Chapter 3: Not Yet Near Day
Wilt thou be gone? it is not yet near day:
It was the nightingale, and not the lark,
That pierced the fearful hollow of thine ear;
Nightly she sings on yon pomegranate-tree:
Believe me, love, it was the nightingale.
-William Shakespeare, Romeo and Juliet 3.5.1-5
Later she slept, but he lay awake watching her. He'd observed her sleeping on the plane before; her mouth had a tendency to pucker; a crease formed between her fine dark brows. Tonight, though, her face was smooth. Serene. He ran his fingertips down her cheek, soft as a butterfly's wing, and she stirred ever so slightly. He hastily snatched his hand back, not wanting to disturb such obviously peaceful slumber.
She turned toward him; murmured something in her sleep. He lowered his head to better hear. "Spencer," she breathed softly, the word thickened by sleep but nonetheless intelligible. He leaned back, blinking in surprise, but trying not to read too much into it. It stood to reason she'd say his name; she was in his bed, after all...so to speak...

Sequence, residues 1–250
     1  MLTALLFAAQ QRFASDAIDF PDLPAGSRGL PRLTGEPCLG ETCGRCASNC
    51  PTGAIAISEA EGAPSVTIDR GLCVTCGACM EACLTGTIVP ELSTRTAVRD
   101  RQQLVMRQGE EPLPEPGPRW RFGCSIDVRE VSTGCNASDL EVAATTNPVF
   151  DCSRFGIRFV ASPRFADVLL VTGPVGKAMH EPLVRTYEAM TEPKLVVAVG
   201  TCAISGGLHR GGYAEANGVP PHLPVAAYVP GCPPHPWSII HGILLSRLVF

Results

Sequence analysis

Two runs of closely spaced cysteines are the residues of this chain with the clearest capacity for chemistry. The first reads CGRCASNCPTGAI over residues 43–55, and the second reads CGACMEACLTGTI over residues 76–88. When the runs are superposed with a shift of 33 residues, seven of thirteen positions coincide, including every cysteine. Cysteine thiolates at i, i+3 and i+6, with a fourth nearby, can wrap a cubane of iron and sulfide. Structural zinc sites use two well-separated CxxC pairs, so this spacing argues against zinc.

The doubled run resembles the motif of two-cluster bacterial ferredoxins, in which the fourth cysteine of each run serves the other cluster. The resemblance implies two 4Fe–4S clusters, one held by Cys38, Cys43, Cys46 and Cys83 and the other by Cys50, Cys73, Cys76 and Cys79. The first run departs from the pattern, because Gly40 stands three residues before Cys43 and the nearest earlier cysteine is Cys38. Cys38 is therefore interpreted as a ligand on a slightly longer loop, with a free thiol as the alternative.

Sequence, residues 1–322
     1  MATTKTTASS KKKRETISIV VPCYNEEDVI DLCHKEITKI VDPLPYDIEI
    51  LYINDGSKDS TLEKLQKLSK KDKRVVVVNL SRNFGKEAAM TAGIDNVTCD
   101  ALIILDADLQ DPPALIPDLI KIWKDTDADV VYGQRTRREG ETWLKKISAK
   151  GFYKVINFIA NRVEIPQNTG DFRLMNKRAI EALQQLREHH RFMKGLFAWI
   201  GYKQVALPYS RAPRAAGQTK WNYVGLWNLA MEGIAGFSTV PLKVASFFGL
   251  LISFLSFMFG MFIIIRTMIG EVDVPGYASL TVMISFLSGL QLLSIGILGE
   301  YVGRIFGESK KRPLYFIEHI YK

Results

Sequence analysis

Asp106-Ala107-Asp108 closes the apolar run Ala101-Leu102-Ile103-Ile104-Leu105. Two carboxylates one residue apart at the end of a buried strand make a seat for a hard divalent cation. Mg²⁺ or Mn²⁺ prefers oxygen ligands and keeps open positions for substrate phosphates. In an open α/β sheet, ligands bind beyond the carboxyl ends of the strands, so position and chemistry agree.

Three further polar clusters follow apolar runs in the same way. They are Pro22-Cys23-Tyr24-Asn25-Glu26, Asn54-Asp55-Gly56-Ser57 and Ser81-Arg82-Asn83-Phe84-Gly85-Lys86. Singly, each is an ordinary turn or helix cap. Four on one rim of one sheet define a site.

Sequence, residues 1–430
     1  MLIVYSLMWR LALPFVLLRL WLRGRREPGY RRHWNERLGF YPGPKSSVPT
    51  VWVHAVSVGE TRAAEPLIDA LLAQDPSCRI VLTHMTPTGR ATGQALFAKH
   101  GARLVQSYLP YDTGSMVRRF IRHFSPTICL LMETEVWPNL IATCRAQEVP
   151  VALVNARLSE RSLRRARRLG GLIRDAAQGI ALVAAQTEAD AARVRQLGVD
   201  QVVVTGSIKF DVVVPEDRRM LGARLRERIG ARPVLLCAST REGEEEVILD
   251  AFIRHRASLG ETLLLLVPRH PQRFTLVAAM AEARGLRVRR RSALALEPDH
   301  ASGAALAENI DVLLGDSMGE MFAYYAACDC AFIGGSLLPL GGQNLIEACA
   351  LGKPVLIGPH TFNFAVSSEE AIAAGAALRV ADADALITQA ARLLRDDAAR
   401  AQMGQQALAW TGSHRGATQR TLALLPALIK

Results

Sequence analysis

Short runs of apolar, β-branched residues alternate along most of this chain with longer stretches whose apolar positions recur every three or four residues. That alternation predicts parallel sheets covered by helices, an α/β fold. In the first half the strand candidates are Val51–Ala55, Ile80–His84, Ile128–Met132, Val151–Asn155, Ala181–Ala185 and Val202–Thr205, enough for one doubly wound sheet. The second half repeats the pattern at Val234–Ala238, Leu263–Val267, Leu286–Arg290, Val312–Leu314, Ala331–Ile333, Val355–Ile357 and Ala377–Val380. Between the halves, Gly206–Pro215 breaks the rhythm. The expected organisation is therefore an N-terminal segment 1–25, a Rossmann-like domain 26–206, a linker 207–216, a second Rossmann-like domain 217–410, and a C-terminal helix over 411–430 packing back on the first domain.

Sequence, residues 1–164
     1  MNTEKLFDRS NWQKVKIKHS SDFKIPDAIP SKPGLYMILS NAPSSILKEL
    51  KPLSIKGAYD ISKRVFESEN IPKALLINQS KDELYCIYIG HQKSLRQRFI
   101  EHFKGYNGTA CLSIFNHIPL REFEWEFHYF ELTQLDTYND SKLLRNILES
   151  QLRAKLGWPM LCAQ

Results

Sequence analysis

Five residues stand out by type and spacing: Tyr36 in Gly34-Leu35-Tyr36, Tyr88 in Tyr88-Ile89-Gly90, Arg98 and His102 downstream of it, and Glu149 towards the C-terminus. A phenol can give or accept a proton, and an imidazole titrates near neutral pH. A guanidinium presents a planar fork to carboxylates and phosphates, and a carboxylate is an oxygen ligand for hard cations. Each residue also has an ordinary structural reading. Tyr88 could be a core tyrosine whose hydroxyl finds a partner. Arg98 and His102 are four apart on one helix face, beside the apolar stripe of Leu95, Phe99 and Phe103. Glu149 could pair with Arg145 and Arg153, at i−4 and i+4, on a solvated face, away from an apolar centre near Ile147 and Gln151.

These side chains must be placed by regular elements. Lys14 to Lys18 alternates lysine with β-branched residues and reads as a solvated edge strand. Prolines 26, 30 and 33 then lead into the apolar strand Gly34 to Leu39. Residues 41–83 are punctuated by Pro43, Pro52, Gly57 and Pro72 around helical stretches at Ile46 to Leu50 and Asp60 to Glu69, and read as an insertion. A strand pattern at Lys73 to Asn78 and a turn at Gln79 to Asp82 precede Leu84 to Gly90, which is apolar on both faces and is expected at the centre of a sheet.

He wondered what it would be like to have Emily in his actual bed, the one in his untidy, hodgepodge apartment. He wondered how she would react to his mess; the books strewn every which way; the seemingly random art selections adorning the walls; the odd paint scheme. (Personal side note: he had never considered his paint scheme odd. It seemed perfectly rational to him at the time, but Morgan had pointed out once that he was most likely colorblind if he persisted with that belief. He persisted. And he was colorblind; it was why he stuck mostly to neutrals with his clothing choices.)
He had a feeling, based on no logic he knew of, that she would be ok with it all. She'd never laughed at his mismatched socks. She'd never teased him about his sweater vests, or his tendency to wear his watch outside his sleeve, or his myriad other peccadilloes. She was...
She was his colleague. Even if there weren't rules against fraternizing with fellow agents, it simply wasn't a good idea. They had kept these occasions to an annual event, and in between January eighths they acted like it was just another day on the calendar, a day that meant nothing to either of them.